Nowadays, growing succulents have become very popular. Their vivid colors, drought-tolerant characteristics and low maintenance needs make them wanted. In this article, let’s answer the question are succulents poisonous to cats.
Most succulents are non-toxic to people and pets, but some species may create problems if eaten by your four-leg friend.
That is why every pet owner should be aware of the dangerous succulent species for cats and dogs.
Are succulents poisonous to cats?
Each plant has different chemical ingredients causing various toxicity symptoms.
Knowing this all should not scare you out. This article listed all toxic succulent plants and tips on keeping your pet healthy around them.
How is it possible for these gorgeous plants to be toxic, and what substances are poisonous enough to harm your furry roommate on four legs? Now you probably wonder how these beautiful plants can be harmful to cats and dogs.
What Toxic Substance Can Harm Your Furry Roommate On Four Legs?
Succulents produce metabolites used to protect them from the dangerous environment (predators)
Yet, their metabolism usually creates chemicals that might be dangerous to your furry friends if ingested.
We created a list of popular succulents toxic to pets to make you feel free to have a small garden at home.
Succulent Genus Toxic To Your Cat/Dog
Toxic parts – Adenium genus has fantastic plants with beautiful flowers. However, species are down on the list of toxic succulents because of the poisonous sap in plant organs. Growing these indoor plants is dangerous because, if consumed may be hazardous and lethal, even for big animals such as elephants.
Licking or eating even small amounts may activate irreversible changes in the body with abnormal heart rhythm and spasms.
The toxicity comes from the cardiac glycosides and steroids that affect the heart muscle.
Severe symptoms show after a day to three days from exposure. You will notice vomiting, salivation, abdominal pain, and gastrointestinal upset.
Poisonous species: Adenium obesum (Desert rose)
Toxic parts – All plant new enthusiasts buy this plant without knowing it has toxins present in the sap inside every plant part.
Thus, consuming even small amounts can harm or irritate your small animals.
Oxalates content in the sap leads to mild stomach symptoms, swelling throat, allergies, lethargy.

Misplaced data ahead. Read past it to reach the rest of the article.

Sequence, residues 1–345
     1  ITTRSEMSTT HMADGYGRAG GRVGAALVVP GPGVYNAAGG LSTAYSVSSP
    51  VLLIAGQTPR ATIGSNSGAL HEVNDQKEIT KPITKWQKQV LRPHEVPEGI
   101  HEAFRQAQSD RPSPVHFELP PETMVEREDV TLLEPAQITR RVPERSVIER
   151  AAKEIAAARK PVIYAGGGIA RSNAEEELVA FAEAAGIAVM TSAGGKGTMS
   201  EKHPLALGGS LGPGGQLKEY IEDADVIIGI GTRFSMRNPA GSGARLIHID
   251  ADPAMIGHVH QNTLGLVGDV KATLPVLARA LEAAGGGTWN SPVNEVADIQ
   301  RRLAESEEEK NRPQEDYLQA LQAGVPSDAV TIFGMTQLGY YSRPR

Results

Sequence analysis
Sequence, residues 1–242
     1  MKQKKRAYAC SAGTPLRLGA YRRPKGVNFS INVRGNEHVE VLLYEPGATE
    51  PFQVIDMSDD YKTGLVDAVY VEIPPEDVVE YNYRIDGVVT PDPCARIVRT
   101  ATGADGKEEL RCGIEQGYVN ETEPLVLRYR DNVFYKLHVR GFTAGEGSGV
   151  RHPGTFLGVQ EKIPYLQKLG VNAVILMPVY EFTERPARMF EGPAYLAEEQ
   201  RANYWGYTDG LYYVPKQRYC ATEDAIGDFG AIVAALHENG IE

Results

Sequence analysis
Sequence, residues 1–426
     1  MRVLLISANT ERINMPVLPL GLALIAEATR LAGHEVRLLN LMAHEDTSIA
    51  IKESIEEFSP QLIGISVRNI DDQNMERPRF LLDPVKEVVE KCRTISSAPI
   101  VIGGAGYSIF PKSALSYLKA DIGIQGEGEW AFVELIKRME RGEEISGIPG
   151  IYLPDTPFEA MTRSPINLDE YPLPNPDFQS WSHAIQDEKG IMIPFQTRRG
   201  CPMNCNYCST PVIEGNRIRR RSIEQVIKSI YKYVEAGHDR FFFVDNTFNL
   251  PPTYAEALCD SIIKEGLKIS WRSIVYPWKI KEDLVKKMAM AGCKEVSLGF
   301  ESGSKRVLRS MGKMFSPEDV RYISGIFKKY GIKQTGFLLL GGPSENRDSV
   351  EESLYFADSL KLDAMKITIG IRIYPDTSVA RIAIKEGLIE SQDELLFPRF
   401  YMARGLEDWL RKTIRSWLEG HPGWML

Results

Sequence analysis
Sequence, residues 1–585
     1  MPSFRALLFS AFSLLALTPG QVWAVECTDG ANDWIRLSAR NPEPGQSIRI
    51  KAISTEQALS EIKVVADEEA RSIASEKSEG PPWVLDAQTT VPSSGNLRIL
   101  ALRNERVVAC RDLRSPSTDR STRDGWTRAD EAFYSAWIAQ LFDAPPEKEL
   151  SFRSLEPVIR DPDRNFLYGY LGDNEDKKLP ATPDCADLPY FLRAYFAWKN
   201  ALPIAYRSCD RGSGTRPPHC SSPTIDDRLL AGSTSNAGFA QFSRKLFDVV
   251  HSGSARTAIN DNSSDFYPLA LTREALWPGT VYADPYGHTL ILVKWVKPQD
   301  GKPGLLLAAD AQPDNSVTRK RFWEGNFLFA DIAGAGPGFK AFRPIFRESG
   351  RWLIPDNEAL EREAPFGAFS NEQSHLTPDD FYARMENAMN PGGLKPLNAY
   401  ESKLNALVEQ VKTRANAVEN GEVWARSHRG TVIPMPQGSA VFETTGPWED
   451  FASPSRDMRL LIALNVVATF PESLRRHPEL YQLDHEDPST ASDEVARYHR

The poisoning symptoms are mild and generally last no longer than 24 hours.
Poisonous species: Agave Americana, Agave lechuguilla
Toxic parts – Species with tree-like appearance with poisonous bulbs and flowers.
After consuming even small amounts of these organs sometimes might cause changes in blood chemistry or brain damage.
Some species also have calcium oxalate, which causes mild irritation even by touching the plant.
Poisonous species: Albuca bracteata (Pregnant onion, Ornithogalum bracteolatum), Albuca Spiralis
Toxic parts – The use of Aloe plants in the human population is prevalent because of their healing properties. Unfortunately, their leaves pulp contains benzene toxins that are toxic for dogs and cats. Besides, all aloe vera species have aloin (anthraquinone with laxative properties), causing digestive problems.
Poisonous species: Aloe vera, Aloe ballyi, Aloe elata, and Aloe ruspoliana.
Toxic parts – Jade plants are generally the most reported animal poison control centers. These tolerate neglect considered toxic succulents contain potentially dangerous chemicals causing mouth irritation, lethargy, vomiting, diarrhea, nausea after ingestion.
Since jade poisoning is not lethal, it belongs to the list of succulents causing mild toxicity.
Poisonous species: Crassula ovata (Money tree, Money plant, Jade plant, Lucky plant), Crassula ovata Gollum, C.Arborescens (Silver Jade Plant).
Toxic parts – All succulents within this genus contain cardiac glycosides that can cause cardiovascular problems, vomiting, lethargy, ataxia or depression.
Poisonous species: Cotyledon orbiculata, Cotyledon Pendens (Cliff cotyledon).
Toxic parts – This poisonous to cats and dogs plant belongs has toxic sap inside organs tissue.
After your pet ingests this succulent, the deadly combination of Pyrrolizidine alkaloids may lead to liver failure and inhibiting cell division.
Minor toxicity includes skin irritation, vomiting, diarrhea and other severe symptoms.
Poisonous species: Curio repens – Blue Chalkstick
Toxic parts – Euphorbia or milk plants have white latex sap in all plant organs. This milky sap contains poisonous substances that can lead to skin irritation, allergies or even more severe symptoms if consumed in massive amounts.
Poisonous species: Euphorbia Mili, Euphorbia Tiruncalli (Pencil tree plant, Pencil tree, Pencil cactus, Firestick), E.Trigona, E.lactea, E.enopla.
Toxic parts – All species from this genus are adapted to various conditions. The presence of bufadienolides cardiac glycosides makes them poisonous succulents to pets. In the human population, they have shown Anti-tumor promoting Activity (Bioscience, Biotechnology, and Biochemistry, Volume 65, 2001 – Issue 4), but the toxic steroid initiates gastrointestinal irritation after ingestion by animals.